NORWALK, Conn. — St. Jerome Church in Norwalk was packed with over 300 people Monday night for a prayer vigil in support of a parishioner who is facing deportation to her native Korea after living in the U.S. for 18 years.
Many people took to the podium to speak in support of Jung "Sarah" Courville. She has been married to a U.S. citizen for 14 years and has two U.S.-borne children, one of whom is disabled.
Speakers at the vigil included her husband, Richard; the church pastor, the Rev. David Blanchfield; Norwalk Mayor Harry Rilling; U.S. Sen. Richard Blumenthal; the Rev. Anthony Bennett of Mt. Aery Baptist Church in Bridgeport; and Rabbi Michael Friedman of Temple Israel in Westport as well as her immigration lawyer, Sung-Ho Hwang.
Courville, who is an undocumented immigrant, has been ordered to leave by the end of September.
Senate Majority Leader Bob Duff (D-Norwalk) condemned the order of deportation from Immigration and Customs Enforcement and called on the faith community to provide sanctuary for her.
“Sarah Courville is a good person, longtime Norwalk resident and pillar of the community who embodies the American dream," Duff said. "We should be encouraging people like Mrs. Courville, not punishing them. What strategic, economic, public safety or national security purpose does it serve to rip her away from her husband and children and break up her family?
"Our country needs a rational national immigration policy. Deporting Mrs. Courville does not make any sense. Today, I am calling on the United States Immigration and Customs Enforcement to allow Mrs. Courville to remain in the country in order to care for her children. Until then, I am counting on the local faith community to do the right thing and provide sanctuary for Mrs. Courville.”
Supporters are urging the government to reopen her case and grant a stay of deportation.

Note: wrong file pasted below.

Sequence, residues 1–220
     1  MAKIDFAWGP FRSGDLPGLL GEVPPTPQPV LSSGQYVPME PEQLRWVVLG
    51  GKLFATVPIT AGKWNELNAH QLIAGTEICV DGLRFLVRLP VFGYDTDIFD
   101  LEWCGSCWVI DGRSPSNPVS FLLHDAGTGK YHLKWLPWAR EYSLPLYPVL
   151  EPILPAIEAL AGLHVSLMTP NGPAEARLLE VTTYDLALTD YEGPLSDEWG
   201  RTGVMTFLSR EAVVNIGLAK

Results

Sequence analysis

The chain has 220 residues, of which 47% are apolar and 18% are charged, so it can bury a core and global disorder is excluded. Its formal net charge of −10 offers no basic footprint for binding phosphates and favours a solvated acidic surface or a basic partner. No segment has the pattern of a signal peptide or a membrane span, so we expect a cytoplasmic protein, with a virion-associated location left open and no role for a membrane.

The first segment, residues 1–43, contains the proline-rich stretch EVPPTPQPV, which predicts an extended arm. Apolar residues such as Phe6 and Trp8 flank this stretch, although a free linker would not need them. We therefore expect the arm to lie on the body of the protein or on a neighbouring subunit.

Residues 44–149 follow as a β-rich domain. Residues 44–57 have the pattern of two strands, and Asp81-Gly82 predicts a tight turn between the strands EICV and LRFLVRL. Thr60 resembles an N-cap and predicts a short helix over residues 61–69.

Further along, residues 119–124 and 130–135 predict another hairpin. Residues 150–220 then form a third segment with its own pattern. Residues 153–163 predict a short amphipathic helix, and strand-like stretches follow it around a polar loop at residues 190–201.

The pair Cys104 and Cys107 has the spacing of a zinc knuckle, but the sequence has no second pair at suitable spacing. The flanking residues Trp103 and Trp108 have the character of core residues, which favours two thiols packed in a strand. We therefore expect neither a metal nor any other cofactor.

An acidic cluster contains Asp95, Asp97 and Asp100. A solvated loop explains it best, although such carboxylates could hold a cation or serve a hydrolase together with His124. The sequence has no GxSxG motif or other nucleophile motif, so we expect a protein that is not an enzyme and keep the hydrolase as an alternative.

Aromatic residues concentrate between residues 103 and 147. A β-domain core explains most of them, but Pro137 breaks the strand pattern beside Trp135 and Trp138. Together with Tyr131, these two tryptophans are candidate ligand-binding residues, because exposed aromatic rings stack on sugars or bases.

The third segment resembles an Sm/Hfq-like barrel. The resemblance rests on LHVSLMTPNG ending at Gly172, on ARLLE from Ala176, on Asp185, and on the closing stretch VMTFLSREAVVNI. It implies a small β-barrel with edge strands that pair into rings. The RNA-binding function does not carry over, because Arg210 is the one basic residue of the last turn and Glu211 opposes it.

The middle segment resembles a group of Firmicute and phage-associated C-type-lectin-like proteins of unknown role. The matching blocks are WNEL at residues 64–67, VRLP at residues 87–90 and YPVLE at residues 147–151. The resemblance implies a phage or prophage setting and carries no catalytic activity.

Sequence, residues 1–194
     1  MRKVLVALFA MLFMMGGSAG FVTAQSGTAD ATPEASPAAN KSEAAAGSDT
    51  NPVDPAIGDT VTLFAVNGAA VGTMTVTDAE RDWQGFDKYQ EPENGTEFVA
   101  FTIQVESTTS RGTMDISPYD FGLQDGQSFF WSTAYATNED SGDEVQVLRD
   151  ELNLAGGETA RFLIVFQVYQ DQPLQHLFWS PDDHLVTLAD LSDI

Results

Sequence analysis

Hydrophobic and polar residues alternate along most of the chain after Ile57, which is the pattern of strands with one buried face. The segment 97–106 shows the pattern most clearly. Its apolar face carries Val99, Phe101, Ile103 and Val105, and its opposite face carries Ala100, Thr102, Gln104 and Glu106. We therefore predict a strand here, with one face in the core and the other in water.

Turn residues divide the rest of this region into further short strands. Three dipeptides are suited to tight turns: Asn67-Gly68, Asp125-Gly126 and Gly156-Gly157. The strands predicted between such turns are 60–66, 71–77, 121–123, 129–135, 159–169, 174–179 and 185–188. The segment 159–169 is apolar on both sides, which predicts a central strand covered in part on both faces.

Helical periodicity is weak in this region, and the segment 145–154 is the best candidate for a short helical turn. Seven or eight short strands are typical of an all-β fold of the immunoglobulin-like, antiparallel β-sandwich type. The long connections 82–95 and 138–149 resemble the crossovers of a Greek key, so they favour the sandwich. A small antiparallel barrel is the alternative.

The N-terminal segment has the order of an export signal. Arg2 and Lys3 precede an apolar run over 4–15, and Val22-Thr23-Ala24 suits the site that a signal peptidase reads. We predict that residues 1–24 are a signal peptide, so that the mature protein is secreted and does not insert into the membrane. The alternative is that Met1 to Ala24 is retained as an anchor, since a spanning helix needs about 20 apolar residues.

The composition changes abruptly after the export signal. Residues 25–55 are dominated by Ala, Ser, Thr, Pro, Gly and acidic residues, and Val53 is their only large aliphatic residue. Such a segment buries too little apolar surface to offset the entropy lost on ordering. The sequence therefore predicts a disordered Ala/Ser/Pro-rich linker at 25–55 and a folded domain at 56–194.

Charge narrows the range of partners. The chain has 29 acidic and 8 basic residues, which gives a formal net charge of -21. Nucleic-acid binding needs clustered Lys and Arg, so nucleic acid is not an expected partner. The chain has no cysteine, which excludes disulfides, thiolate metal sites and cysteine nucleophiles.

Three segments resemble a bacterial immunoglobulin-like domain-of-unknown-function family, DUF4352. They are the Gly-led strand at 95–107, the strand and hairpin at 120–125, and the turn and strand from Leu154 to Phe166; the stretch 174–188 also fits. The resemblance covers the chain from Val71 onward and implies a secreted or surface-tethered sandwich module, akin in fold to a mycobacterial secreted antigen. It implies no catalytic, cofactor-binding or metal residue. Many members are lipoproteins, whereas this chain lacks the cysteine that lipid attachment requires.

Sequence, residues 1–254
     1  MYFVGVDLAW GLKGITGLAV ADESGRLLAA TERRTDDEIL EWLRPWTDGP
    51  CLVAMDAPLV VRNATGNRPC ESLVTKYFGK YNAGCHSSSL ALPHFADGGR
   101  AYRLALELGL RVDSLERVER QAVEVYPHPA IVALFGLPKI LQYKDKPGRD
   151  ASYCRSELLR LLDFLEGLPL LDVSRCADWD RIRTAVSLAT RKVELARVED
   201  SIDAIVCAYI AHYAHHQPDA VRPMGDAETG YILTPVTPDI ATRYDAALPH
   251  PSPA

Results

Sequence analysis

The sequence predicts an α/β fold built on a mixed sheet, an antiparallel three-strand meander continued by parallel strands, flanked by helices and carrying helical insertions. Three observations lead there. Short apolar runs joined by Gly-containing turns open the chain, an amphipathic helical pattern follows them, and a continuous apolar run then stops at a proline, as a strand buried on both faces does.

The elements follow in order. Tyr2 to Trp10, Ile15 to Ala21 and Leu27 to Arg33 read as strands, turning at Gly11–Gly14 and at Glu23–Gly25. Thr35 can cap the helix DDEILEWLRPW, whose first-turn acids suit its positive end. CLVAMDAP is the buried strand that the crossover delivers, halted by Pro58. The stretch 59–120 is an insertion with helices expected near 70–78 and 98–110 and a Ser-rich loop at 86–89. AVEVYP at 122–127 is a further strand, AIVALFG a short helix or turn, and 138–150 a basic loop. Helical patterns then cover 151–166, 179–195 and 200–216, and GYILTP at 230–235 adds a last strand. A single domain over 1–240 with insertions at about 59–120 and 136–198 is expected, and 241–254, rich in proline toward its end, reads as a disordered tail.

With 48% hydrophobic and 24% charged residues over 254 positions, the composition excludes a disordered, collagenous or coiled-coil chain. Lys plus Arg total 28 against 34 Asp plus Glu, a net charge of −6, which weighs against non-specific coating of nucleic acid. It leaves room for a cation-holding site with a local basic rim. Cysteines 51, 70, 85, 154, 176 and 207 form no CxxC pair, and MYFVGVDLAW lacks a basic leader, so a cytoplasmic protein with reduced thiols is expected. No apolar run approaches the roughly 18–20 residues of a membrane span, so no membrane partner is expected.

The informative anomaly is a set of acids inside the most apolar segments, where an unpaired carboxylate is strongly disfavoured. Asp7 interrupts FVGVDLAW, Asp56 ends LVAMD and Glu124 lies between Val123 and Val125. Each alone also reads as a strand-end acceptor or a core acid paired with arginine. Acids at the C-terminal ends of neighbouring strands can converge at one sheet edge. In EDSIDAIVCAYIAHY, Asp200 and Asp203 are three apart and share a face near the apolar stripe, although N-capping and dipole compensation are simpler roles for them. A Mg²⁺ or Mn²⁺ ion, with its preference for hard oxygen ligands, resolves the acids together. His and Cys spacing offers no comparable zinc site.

According to the Hour, Courville blames miscommunication with her lawyer for missing an appearance in Immigration Court years ago. After her marriage in 2003, she learned of the order of deportation for her.
The Courvilles said they pursued citizenship, but they were given bad legal advice by a lawyer who has since been disbarred, The Hour said.
In 2010, she was traveling with her family in the Virgin Islands and was detained at the airport because she was undocumented.
Courville was released and told to report to ICE in Hartford. and granted a stay of removal. Every year since then, she has reported to her check-in appointment with ICE. But this year, she was told to report by Aug. 28 with a plane ticket to Korea and to be out of the country by Sept. 27.
The family has now hired Hwang, a South Korean immigrant, who is working to reopen the deportation case and obtain a stay of deportation, The Hour said.
Courville's case is similar to that of two other local immigrants.
The case of Nury Chavarria, a Norwalk mother of four who was ordered deported to her native Guatemala after 24 years in the U.S., was resolved last month. Chavarria was granted a stay in her deportation after she took sanctuary in a New Haven church. She can now work out her problems with her immigration status.
In an unresolved case, New Fairfield resident Joel Colindres, 33, was ordered to be leave by Aug. 17. He was born in Guatemala and came to the U.S. without documentation in 2004. He married his wife, Samantha, a U.S. citizen, in 2010. A trio of federal lawmakers from Connecticut has asked the ICE to reconsider his deportation order.
Click here for the story at The Hour.
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